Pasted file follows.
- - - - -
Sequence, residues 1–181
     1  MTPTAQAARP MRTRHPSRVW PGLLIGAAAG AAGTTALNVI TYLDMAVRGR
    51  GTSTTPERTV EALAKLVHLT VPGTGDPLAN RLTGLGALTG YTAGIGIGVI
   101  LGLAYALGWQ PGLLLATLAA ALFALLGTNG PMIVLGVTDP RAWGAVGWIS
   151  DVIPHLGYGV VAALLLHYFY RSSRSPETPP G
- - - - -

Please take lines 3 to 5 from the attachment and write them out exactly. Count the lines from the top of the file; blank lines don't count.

    51  GTSTTPERTV EALAKLVHLT VPGTGDPLAN RLTGLGALTG YTAGIGIGVI
   101  LGLAYALGWQ PGLLLATLAA ALFALLGTNG PMIVLGVTDP RAWGAVGWIS
   151  DVIPHLGYGV VAALLLHYFY RSSRSPETPP G